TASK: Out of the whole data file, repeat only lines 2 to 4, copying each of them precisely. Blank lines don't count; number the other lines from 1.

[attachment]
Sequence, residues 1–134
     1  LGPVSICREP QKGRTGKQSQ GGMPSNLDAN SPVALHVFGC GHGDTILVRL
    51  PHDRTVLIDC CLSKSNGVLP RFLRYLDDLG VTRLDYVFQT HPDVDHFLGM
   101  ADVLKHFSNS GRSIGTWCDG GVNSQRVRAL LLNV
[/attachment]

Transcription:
     1  LGPVSICREP QKGRTGKQSQ GGMPSNLDAN SPVALHVFGC GHGDTILVRL
    51  PHDRTVLIDC CLSKSNGVLP RFLRYLDDLG VTRLDYVFQT HPDVDHFLGM
   101  ADVLKHFSNS GRSIGTWCDG GVNSQRVRAL LLNV